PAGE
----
Geofeedia came under the spotlight when it was discovered that it enabled law enforcement surveillance. In mid-October, Twitter followed Facebook and Instagram in cut Geofeedia off from its valuable data stream.
The American Civil Liberties Union (ACLU) report said police had used the platform to track protests and other large gatherings.
Now without the detail provided from social notworking, the company has fired 31 of its approximately 60 employees, mostly in its sales office..
CEO Phil Harris said Geofeedia wasn’t “created to impact civil liberties,” but in the wake of the public debate over their product, they’re changing the company’s direction.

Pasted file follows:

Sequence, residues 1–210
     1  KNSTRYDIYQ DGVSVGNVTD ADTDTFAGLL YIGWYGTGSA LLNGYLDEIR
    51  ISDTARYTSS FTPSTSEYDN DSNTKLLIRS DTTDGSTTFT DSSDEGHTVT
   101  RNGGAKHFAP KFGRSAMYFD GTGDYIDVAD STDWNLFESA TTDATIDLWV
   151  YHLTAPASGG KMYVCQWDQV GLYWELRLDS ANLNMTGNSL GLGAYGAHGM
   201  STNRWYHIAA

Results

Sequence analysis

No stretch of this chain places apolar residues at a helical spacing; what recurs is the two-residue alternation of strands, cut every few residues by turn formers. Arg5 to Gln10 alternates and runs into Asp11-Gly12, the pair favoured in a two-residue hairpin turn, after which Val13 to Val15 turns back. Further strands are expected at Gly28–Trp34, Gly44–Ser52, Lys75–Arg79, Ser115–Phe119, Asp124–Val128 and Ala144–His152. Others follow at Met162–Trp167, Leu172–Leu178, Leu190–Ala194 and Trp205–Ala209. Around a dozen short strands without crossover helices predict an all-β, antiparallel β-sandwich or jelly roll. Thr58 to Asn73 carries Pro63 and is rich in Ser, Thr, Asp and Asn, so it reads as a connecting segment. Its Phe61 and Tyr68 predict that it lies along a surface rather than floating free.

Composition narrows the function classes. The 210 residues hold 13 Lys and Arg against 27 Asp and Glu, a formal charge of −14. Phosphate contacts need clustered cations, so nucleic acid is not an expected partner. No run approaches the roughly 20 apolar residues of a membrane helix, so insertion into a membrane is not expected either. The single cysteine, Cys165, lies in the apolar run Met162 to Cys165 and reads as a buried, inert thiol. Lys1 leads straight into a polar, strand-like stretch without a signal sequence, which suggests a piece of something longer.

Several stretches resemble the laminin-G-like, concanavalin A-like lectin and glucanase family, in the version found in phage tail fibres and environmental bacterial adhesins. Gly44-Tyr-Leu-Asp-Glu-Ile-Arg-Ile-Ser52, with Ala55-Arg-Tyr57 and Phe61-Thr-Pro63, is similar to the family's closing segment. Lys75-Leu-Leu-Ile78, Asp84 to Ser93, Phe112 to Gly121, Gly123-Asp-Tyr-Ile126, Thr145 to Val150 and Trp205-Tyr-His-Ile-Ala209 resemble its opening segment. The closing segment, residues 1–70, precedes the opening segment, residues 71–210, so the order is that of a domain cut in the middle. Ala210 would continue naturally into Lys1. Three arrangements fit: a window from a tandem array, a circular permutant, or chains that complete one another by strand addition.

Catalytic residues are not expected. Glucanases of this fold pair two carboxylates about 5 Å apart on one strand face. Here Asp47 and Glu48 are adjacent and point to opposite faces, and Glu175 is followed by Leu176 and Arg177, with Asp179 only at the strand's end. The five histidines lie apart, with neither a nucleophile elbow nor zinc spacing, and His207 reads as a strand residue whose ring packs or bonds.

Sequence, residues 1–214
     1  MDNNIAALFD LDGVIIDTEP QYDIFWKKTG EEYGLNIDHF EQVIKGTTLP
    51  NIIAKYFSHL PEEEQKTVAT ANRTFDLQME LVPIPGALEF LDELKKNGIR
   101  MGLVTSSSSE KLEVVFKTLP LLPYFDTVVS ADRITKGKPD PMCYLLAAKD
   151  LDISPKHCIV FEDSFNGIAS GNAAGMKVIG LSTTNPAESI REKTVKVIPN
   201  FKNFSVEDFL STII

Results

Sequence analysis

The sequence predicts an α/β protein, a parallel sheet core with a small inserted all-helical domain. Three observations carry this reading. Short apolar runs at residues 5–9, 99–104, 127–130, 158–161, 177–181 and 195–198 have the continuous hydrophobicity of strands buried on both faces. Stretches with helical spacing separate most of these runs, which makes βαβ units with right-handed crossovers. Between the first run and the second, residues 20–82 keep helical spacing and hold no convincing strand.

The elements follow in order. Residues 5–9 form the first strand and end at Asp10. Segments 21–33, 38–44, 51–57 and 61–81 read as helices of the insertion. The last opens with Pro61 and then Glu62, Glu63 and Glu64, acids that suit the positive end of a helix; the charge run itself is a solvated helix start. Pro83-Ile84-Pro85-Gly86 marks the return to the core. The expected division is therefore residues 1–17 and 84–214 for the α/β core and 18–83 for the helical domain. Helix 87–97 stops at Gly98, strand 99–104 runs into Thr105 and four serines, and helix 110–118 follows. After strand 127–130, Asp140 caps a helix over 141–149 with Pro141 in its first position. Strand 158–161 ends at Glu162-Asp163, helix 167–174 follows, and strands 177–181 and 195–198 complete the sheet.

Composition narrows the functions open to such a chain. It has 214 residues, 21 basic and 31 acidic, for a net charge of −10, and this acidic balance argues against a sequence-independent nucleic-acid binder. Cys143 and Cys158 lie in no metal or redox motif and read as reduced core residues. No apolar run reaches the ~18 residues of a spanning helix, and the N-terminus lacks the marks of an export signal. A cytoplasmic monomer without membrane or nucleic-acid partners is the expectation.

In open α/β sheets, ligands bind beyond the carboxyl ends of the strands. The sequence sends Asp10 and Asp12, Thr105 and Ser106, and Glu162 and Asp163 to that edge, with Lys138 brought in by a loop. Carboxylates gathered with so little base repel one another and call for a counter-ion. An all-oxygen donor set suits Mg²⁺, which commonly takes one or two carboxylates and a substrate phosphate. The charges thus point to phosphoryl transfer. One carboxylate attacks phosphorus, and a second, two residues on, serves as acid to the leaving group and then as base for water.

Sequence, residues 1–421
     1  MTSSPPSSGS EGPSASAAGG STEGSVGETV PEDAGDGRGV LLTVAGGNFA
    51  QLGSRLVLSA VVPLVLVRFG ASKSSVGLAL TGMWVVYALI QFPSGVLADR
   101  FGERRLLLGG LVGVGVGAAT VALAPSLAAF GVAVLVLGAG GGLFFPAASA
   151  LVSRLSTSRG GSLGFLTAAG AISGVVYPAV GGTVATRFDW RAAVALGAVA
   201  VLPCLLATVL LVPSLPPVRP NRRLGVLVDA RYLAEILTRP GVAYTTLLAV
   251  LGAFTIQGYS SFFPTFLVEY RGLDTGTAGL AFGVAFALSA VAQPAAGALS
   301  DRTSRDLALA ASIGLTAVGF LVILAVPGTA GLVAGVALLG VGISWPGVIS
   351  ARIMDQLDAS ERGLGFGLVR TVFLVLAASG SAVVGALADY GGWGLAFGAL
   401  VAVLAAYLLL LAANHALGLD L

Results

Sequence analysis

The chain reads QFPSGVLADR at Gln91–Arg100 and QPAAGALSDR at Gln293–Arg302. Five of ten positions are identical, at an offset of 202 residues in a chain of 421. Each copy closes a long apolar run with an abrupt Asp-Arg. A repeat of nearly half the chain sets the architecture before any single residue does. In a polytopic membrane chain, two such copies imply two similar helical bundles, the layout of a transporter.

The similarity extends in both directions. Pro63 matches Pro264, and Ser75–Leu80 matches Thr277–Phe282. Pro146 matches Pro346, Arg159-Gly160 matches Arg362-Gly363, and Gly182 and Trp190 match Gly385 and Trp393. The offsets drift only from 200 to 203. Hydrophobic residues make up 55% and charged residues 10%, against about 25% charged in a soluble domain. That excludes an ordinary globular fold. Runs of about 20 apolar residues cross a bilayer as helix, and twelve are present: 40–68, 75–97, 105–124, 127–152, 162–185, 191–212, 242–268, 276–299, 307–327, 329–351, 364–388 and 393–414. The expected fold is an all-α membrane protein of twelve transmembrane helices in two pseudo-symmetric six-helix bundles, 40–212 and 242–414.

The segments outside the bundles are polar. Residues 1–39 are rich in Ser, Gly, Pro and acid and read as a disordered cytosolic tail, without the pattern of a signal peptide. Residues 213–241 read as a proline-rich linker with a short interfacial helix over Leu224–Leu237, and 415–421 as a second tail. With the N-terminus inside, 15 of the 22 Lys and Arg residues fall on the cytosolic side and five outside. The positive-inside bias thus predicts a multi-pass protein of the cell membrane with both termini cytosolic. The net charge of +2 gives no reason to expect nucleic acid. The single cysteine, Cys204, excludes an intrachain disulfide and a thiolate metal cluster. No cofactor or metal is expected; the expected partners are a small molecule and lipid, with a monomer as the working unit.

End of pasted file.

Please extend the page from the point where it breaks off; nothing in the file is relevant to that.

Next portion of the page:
“Following these suspensions, we have decided to scale back our business and focus on a variety of innovations that will allow us to serve our customers and continue our rapid growth trajectory as a leading real-time analytics and alerting platform,” the statement said.
He claimed that Geofeedia’s software was useful for schools, sports leagues, customer service, marketing and event planning, per the statement. He also referred to the company’s $17 million funding round in February — which brought its total funding to nearly $24 million — and “strong sales and growth” as strengthening the company.
Geofeedia would not say if it lost clients following the ACLU report, and declined to specify what it was going to do next.